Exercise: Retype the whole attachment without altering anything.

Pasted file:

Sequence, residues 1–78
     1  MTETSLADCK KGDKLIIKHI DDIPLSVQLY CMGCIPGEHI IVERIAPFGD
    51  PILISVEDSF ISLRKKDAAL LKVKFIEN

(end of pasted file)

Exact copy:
Sequence, residues 1–78
     1  MTETSLADCK KGDKLIIKHI DDIPLSVQLY CMGCIPGEHI IVERIAPFGD
    51  PILISVEDSF ISLRKKDAAL LKVKFIEN